1. iphonerulez

    Joined: Dec 1969


    I hope the Android tablet market ends up in such

    a state of confusion that no tablet maker will want to use it or see any profits from it. I knew from the very beginning that Google rushed Honeycomb just for the sake of saying it had something that could take on Apple's tablet OS. Google just wants to flood the market with anything that has to do with Android. I'm sure it could take twice as long to develop a decent tablet OS as what Google put into Honeycomb but that's how greed works. I'd had to be a tablet vendor having to rely on Google and Android, but that's what you get when you get something for free. No company has a right to complain about it, otherwise they should start developing their own OSes.

    The more I see happening lately it appears that the tablet market isn't going to be like the smartphone market. It appears as though Apple may have another iPod market hold on their hands. The longer Android Honeycomb tablets are delayed, the bigger the lead the iPad gets. The iPad is so designed that hardware and software work nearly flawlessly and consumers have to appreciate that. Hopefully, when it comes to tablets, consumers will think iPad first and all other tablets a far distant second place. If Apple starts mass producing tablets, the costs will be driven down to the point that no tablet vendor will be able to compete for long. Apple and Foxconn just need to ramp up production as rapidly as they can and flood the market with iPad 2s so there just isn't any room for dozens of Android tablet vendors without them eating each other up.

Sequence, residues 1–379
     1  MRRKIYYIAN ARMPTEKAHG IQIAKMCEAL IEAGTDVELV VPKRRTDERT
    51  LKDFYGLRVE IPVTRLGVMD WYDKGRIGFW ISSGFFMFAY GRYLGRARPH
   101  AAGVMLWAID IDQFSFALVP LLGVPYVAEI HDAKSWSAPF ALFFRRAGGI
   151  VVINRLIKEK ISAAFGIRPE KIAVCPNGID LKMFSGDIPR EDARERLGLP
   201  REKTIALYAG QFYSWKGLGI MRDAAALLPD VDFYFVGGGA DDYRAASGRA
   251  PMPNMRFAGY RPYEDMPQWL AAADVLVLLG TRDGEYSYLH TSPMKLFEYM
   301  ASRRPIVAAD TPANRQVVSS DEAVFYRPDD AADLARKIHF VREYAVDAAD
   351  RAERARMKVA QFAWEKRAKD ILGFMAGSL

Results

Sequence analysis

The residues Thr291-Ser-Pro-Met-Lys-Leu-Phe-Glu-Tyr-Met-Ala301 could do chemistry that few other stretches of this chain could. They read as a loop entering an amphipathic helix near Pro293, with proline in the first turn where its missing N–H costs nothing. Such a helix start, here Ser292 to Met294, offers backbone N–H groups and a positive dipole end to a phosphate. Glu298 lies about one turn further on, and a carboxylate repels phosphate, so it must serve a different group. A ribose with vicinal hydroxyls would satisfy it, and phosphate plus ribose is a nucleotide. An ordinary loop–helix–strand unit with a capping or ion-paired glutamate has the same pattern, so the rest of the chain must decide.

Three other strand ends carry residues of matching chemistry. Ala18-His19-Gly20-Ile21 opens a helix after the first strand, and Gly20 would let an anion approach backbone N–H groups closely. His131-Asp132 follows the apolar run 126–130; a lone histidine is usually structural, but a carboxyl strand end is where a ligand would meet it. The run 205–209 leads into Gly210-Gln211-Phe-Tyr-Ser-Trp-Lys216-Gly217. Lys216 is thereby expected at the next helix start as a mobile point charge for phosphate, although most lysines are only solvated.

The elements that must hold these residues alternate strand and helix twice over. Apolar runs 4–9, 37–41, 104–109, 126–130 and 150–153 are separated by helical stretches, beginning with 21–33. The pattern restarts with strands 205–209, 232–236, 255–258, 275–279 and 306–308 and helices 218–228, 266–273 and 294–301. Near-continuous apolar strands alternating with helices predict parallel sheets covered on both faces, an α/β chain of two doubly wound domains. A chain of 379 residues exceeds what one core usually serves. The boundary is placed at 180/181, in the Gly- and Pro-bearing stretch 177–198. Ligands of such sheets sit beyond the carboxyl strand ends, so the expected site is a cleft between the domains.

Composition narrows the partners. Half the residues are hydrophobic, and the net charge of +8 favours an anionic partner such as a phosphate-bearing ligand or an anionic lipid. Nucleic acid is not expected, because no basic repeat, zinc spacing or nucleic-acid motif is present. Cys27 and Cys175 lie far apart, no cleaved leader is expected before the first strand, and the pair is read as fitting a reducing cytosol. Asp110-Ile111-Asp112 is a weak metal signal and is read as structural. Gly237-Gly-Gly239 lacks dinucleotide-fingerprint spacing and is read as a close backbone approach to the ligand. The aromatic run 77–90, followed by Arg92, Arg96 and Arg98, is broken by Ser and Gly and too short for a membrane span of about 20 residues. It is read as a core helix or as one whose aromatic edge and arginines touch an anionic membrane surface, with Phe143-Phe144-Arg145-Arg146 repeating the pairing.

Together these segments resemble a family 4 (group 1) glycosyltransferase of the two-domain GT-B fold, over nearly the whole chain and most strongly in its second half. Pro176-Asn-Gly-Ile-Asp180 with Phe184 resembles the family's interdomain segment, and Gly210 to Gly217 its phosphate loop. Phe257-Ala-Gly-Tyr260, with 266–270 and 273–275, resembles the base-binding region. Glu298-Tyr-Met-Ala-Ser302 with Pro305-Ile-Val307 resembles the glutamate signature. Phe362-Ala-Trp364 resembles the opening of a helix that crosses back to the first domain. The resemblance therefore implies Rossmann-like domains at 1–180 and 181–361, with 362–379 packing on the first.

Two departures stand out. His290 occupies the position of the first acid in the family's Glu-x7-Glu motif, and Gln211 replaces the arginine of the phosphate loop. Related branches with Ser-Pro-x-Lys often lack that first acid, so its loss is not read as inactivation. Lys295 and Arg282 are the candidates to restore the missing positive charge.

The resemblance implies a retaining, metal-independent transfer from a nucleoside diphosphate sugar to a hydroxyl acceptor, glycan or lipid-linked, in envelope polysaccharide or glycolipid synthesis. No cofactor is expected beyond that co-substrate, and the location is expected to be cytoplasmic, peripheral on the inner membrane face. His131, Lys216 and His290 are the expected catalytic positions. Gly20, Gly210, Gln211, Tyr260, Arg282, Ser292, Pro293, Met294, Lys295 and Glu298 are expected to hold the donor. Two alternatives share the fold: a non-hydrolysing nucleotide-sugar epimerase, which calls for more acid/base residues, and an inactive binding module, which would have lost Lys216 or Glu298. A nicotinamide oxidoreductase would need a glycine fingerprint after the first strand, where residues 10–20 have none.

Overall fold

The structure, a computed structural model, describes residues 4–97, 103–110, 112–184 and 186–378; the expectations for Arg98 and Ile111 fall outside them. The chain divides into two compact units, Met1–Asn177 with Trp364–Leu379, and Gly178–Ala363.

1. starwarrior

    Joined: Dec 1969



    Once set in front of experimental computer with raster monitor. I was the experimental user engineer with the reputation of breaking any machine by asking it to do things the software and hardware guys had never dreamed possible. They put a software guru on one side of me and a hardware guru on the other. As I tried my things, one or the other would in near real time fix what I had broken. After a while we had a beautiful software hardware integrated machine. Using interface control documents to glue the software and the hardware together is madness. Just like reading the bible, everyone tries to get to heaven in a different way. Few make it.

  1. chas_m



    There's that word again


    Only this time, it's coming DIRECTLY FROM GOOGLE as an ACKNOWLEDGEMENT of a SERIOUS PROBLEM.

    Wrenchy can officially STFU now (and his silence here is positively deafening).